Major hotel chains are engaging in an online turf war with the very travel sites that have helped drive their businesses.
Marriott International Inc., Hilton Worldwide Holdings Inc. and InterContinental Hotels Group are using extensive marketing campaigns to claw back business from Expedia Inc., Priceline Group Inc. and other travel-booking sites, which steer customers to hotel properties but also take commissions of up to 30% for each reservation. The chains are starting to treat these sites less as valuable business partners and more as gatekeepers standing between them and their customers.
Many large hotel brands are offering lower nightly rates and other perks to loyalty members who book directly through their sites instead of online travel agencies.
The industry effort faces an uphill climb, however, as travel portals have become ubiquitous tools for planning a trip. Online travel agencies were responsible for $99 billion worth of world-wide hotel bookings last year, according to travel industry-research group Phocuswright.
A survey conducted by travel-data firm Adara Inc. showed that 52% of U.S. travelers between the ages of 18 and 34 prefer booking hotels through online search engines as opposed to brand websites, compared with 37% age 35 and older. Younger travelers are also less likely to participate in hotel-rewards programs, the survey found, raising questions about how much brand loyalty matters to price-sensitive customers. Many prefer third-party sites because they show an array of options and allow customers to package airfare or car rentals.
“I always want to find the good deal, and see what all my options are first,” said Nicole Leffew, 28 years old, a bartender and fashion blogger from Ohio. She said she rarely consults the hotels’ websites because she feels “they don’t have that much.”
The new battle is the latest episode in a two-decade “frenemy”-style relationship between online travel agencies and the hotel industry. Sites such as Expedia and Priceline were crucial for hotels during down periods such as after 9/11, but they have gradually eaten into the share of overall bookings ever since.
For major airlines, the battle with booking portals isn’t as pronounced since there are far fewer airlines than hotel chains. But hotels are facing a conundrum that frustrates many industries in the internet age, from Hollywood to the music industry: Online middlemen deliver a vital stream of customers, but end up taking a cut of profit. The 10% to 30% commissions that online travel agencies charge for each night represent an expensive customer pipeline for hotel owners who already pay fees to major brands such as Hilton and Marriott.
Commissions associated with online travel agencies cost the U.S. hotel industry an estimated $4.5 billion for the 12 months ending last June, according to research from hotel industry consultant Kalibri Labs.
“It’s always been a thorn in our side,” said Mark Ricketts, president and chief operating officer of McNeill Hotel Co., which owns and operates more than a dozen Hilton- and Marriott-affiliated hotels in seven states.
Chris Silcock, Hilton’s executive vice president and chief commercial officer, said a goal has been “educating customers” and changing their behavior. “There had been this perception that to get the best price, you book through a different channel than going direct,” he said. “That’s never actually been the case.”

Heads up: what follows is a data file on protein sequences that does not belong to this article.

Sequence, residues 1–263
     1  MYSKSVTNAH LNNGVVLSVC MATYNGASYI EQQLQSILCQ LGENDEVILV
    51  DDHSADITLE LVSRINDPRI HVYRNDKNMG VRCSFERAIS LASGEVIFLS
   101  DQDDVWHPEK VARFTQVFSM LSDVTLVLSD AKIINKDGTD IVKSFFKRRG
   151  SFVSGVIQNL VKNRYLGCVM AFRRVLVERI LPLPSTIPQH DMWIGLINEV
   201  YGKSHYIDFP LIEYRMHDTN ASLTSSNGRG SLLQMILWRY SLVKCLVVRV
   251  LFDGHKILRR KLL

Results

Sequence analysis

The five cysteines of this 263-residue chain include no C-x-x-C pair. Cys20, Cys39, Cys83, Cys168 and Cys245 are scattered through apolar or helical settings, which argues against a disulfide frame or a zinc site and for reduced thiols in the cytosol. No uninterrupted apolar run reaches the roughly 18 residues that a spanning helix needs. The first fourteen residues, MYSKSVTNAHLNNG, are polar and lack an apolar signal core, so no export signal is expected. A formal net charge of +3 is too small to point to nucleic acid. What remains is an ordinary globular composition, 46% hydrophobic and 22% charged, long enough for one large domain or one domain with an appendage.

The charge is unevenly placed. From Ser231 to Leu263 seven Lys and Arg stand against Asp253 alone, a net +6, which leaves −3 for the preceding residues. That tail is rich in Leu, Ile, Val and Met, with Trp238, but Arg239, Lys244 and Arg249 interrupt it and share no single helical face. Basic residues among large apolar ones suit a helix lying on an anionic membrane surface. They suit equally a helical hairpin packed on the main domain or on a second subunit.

Hotel bookings are the biggest source of growth for online travel agencies. Last year, the value of hotel bookings through third-party travel agencies in the U.S. grew to $31.4 billion, surpassing direct hotel online bookings for the first time since the data was tracked beginning in 1998, according to Phocuswright. The sites spend heavily on marketing: The more than $8.5 billion spent globally on sales and marketing by Expedia and Priceline Group alone last year is likely on par with the entire world-wide hotel industry, the group estimated.
Hotels have responded with advertising campaigns such as “Stop Clicking Around,” Hilton’s largest-ever marketing effort, and Choice Hotels International Inc.’s “Badda Book. Badda Boom” effort.
Brands have been tweaking their loyalty programs to extend immediate benefits to casual travelers, not just frequent business travelers.
Hilton earlier this year began allowing its points to be used toward Amazon.com Inc. purchases, and Choice Hotels, which operates the Comfort Inn and Quality Inn chains, allows customers to redeem points for Starbucks gift cards and gas discounts. Brands are also offering certain services, such as free Wi-Fi or the ability to choose a room, only to customers who book direct.
Brian King, global sales officer at Marriott International, said the goal is to convert casual customers into loyal guests who “stay the most, and they pay the most.”
Online travel agency executives said their platforms draw customers who might not otherwise think to book with a particular chain.
“Free is best. Everyone would like people to come direct to their business,” said Glenn Fogel, chief executive of Priceline Group. “That’s not the way the world works, though.”
Expedia CEO Dara Khosrowshahi added: “We just want to get you to the right hotel, whereas the chain wants to get you to their hotel.”
Kerry Ranson, chief development officer of HP Hotels, which manages more than 40 hotels for Hilton and others, said the biggest unknown is whether new loyalty members actually return. “Do those become truly active members, or are they one and done? They did it just to get the cheap rate,” he said. “That’s what’s still left to be played out.”
Write to Chris Kirkham at firstname.lastname@example.org